I knew things had taken a turn for the worse when I searched for “Good Places to Eat Alone” on Yelp.
How had we gotten here? Why were we in this situation? When did we start on this slippery slope? These were the questions I posed my supplementary personalities, for as great a gang as they might be, it gets super creepy carrying on with them in public.
Surprisingly, none of them had an answer for me (Jasper gets awful shy sometimes) and since genuine introspection on my part was definitely not gonna happen, I needed a way to rationalize away my distaste for eating by myself.
I’ll be the first to admit the occasional solo meal is not the biggest tribulation in the world.
But there comes a point when the silence in your restaurant booth becomes so oppressive; when the server’s pitying eyes become too overbearing; and the conversations around you become enviable enough to make the temptation to talk to yourself nearly irresistible. And let me tell you: that’s no way to enjoy a Tostada Pizza at CPK. It just isn’t.
But okay – maybe I’m just bringing in my own baggage and insecurities into the act of eating alone and that’s what’s making it trying, but I’m not about to air my sexy laundry out in public so we need to go deeper but just in another direction.
I mean, really – what is so bad about eating alone? There’s a stigma attached to that, one with an origin that’s difficult to trace. Even now, I find it hard to objectively state why it is such an unfavorable thing.
The Media (capital M) certainly perpetuates this perspective – and yes, I do feel like a douche capitalizing that M. When I try to contemplate precisely why eating along is bad, my mind comes up short in logical, thought-out explanations but is replete with images in pop culture.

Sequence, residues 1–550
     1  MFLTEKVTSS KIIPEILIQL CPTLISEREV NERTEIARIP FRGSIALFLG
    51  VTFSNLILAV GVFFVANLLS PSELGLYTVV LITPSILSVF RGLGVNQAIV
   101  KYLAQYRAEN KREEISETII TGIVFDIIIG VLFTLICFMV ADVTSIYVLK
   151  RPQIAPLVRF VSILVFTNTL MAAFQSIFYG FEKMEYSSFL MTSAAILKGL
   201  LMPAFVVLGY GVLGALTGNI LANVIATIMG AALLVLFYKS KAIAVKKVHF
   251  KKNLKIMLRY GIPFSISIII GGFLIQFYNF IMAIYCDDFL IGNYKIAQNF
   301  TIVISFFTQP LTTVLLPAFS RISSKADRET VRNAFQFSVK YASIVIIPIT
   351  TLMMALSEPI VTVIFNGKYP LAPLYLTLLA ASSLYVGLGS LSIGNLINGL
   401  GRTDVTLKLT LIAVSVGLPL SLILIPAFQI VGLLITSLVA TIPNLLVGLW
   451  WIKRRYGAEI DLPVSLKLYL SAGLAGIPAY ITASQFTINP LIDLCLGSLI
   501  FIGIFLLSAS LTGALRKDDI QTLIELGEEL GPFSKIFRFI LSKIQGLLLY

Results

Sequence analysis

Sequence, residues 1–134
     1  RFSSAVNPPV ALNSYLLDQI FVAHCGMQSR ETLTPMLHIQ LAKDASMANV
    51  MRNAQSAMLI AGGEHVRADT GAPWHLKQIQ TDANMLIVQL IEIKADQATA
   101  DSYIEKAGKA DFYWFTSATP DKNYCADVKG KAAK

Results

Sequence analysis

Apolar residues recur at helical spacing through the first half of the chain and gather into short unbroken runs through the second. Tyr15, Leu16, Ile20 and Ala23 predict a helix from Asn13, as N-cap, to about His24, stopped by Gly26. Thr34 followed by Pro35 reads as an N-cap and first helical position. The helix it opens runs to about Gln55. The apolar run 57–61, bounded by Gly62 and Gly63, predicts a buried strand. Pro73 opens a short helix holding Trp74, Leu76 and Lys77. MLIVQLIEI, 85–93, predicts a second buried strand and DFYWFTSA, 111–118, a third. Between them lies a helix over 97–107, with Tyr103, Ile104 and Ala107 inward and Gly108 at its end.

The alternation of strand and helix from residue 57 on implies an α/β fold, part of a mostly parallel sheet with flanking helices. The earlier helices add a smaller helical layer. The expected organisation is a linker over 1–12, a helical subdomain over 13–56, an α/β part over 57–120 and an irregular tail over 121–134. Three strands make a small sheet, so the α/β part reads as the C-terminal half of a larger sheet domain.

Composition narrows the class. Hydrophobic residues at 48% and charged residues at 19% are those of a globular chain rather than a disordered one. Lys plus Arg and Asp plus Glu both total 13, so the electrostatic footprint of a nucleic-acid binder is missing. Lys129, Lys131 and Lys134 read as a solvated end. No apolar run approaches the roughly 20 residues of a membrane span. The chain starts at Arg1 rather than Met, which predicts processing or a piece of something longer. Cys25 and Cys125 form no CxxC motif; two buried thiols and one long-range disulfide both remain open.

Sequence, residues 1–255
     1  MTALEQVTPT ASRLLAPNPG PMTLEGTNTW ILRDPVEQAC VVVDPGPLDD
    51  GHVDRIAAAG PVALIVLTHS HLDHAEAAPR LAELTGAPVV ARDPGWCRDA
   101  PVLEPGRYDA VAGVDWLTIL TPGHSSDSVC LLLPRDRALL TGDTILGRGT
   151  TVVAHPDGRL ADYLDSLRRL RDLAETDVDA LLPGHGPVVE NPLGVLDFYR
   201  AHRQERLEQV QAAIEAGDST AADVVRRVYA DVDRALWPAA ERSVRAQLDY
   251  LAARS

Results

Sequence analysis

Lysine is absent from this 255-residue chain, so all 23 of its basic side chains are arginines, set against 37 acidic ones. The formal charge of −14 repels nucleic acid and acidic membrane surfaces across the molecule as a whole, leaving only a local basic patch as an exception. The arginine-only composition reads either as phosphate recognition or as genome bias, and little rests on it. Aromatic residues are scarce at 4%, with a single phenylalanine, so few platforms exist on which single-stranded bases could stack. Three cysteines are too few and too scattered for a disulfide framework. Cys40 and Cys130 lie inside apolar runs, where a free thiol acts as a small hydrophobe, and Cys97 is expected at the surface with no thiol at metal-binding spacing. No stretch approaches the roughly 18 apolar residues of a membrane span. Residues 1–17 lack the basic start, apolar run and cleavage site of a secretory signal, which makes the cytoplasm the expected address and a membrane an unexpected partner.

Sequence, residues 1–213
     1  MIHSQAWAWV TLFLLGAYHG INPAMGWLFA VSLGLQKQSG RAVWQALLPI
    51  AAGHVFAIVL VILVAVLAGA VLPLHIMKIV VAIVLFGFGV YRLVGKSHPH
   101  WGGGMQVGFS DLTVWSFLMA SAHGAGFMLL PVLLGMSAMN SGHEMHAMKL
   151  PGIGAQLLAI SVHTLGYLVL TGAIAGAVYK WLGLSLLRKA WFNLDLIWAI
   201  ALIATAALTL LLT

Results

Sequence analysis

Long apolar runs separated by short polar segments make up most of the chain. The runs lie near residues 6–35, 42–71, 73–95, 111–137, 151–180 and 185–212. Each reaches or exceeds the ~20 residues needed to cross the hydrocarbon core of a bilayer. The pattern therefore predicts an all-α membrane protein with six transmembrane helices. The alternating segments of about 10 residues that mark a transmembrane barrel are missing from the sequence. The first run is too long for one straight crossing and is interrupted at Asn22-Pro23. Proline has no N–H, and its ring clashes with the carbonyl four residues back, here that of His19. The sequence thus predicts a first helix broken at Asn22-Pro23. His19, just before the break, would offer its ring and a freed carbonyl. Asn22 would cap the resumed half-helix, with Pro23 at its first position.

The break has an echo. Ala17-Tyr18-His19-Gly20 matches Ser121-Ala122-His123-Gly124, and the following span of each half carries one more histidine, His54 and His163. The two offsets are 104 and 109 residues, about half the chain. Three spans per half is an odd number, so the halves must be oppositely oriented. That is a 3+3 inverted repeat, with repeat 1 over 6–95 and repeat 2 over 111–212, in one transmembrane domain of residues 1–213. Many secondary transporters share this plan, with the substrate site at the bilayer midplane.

The feeling I get from Edward Hopper’s Nighthawks epitomizes that for me:
Eating alone is made dehumanizing, every person’s face glimpsed there except for the lone man – he has none.
Even if you might be surrounded with other people enjoying a meal, no solace can be taken from this, the lone man placed on the side of the canvas away from the other diners; the man behind the counter; even the bright lights of the diner itself.
Instead, he is placed closer to the comparative gloom and dark of the outside, its hold on him evidenced by the pronounced shadows on him compared to the other figures. The lights of the diner touch him as if to say, “Even if you might be in here now, you’ll always come back to the darkness.”
On the contrary, one could also argue that lone diners are not always portrayed as sadsacks in the media, that this is more akin to a Rorschach test in which I have revealed I pay more attention to the negative portrayals as opposed to the positive or neutral ones for reasons that may or may not be obvious.
But it’s definitely not that. No way.
[This is where I would put a real picture of myself eating alone to further the irony, but that would be just too much sadness for you to handle so I'll spare you. BYE!]